Hotfile was a file-hosting site (a "cyberlocker") that was sued in 2011 by five major movie studios, including Warner Brothers. The studios claimed that Hotfile wasn't protected by the DMCA, and should be held responsible when Hotfile users posted infringing video files. Hotfile had set up a special Web interface for Warner to send takedown notices. Warner designed a system that apparently used robots to crawl through indexes of Hotfile content looking for movie files.
We don't know how Warner's robots work, or what they are programmed to look for. Warner claims it didn't entrust all of the copyright decisions to software, and there was some human review involved. But Hotfile accused Warner of using its system to take down files that merely had the same name as a Warner movie - even files that weren't video. And Hotfile also claimed that Warner was taking down copies of a free and open source program called JDownloader that Warner had no rights in, but simply didn't want the public to have. Judge Kathleen M. Williams looked at the evidence behind these accusations, and concluded that Warner might be liable under Section 512(f) of the DMCA. That section, which is also the basis of Stephanie Lenz's suit against Universal Music, prohibits copyright holders from sending takedowns without having a basis for believing that the material is infringing.
The court's decision meant that a jury could decide whether Warner was liable. But the parties settled on the eve of trial in November, and Hotfile shut down.
Judge Williams's decision was encouraging, but mysterious – we don’t get to see evidence of how Warner's system works and which of its improper DMCA takedown notices gave rise to liability. So we know that Warner may have crossed a line, but not how or why. Without seeing the facts that went into Judge WIlliams's decision, it doesn't help people design takedown systems that comply with the law, and it doesn't help anyone make informed arguments about the DMCA when Congress takes it up.
We can't do without informed debate. The House Judiciary Committee may hold a hearing on DMCA takedowns in early March. Lawmakers need to hear about how well the system is actually working, and whether it protects Internet users against having their speech curtailed by takedown-bots or overzealous and poorly trained reviewers. Actual data about major DMCA users like Warner is vital.
The courts are public institutions, and their proceedings should be open to the public as much as possible, according to our legal traditions and the First Amendment. We hope the Florida court will open its records on this this important issue.Related Issues: Fair Use and Intellectual Property: Defending the BalanceDMCARelated Cases: Disney v. Hotfile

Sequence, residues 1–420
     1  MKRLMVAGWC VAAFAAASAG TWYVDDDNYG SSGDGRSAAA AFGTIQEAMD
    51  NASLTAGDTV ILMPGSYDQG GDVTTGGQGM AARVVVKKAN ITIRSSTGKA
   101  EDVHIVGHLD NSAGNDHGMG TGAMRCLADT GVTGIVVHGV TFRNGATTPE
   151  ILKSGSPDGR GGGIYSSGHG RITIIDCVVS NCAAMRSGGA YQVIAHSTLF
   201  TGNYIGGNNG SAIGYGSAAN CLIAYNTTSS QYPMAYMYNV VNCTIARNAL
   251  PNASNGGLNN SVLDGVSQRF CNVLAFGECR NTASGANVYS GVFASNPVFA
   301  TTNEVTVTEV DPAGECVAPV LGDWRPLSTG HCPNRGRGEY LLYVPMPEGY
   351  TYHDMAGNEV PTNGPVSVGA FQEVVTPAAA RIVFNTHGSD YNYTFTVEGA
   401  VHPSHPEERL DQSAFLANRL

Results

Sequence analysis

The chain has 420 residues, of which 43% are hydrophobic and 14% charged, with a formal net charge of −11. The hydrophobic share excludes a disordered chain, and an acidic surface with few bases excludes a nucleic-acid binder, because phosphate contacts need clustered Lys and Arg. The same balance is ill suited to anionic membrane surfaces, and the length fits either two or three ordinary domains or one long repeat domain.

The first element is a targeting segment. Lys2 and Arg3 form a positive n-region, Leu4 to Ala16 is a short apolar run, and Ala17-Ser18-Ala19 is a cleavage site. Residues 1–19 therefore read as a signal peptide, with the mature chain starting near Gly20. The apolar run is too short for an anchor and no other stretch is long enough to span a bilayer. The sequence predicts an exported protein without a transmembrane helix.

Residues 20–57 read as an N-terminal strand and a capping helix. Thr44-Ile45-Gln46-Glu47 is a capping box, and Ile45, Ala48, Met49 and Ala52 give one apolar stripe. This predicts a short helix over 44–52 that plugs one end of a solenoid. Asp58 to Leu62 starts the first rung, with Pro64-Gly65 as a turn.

Share this: || Join EFF
The European Commission's open consultation on copyright ends in less than a week on Mar. 5. It's a rare and important opportunity for anyone who uses the Internet— whether you are a student or artists, librarian or entrepreneur— to influence the future of innovation policy in the region.
The 80 question "Public Consultation on the Review of the EU Copyright Rules" can be dizzying to tackle on its own, but there are several easy-to-use platforms that can help anyone with navigating the survey.How to Submit Your Own Comments
- Let's Fix EU Copyright! — Choose from a list of categories that best describe you, and this site will give you a list of questions that may be relevant to your interests.
- Copywrongs.eu — Pick from a variety of activities and statements about your experience with copyright, and this site will select related questions for you to answer.
- Webform: Public Consultation on the review of the EU copyright rules — Use this form if you would like to answer any of the 80 questions. As you answer the questions, you can read other organizations' answers. When you're done, you can download your comments as a text document, and a pop-up will provide you with the address to email it to the European Commission.
- Przysz?o?? Prawa Autorskiego Konsultacje Europejskie —Modern Poland Foundation has created this platform to make it easy for Polish speakers to submit comments. You can answer one open-ended question about copyright, the 12 they have highlighted, or all 80 questions.
Digital rights organizations across the EU have submitted their own comments, addressing a wide range of restrictive copyright policies that afflict Internet users across the region. You can check out these various replies below:
- Copyright4Creativity, a coalition of groups, including EFF, who advocate for an EU policy of balanced copyright and exceptions, have published their response in PDF form.
- The French digital rights organization, Le Quadrature du Net, have published an English language version of its submission
- The Foundation for a Free Information Infrastructure have published its answers, connecting copyright to the goal of rewarding software development, and creating an open and free Internet.
- Finally, Swedish MEP Amelia Andersdotter gives a guide to the questionnaire and explains why this consultation matters.
Share this: || Join EFF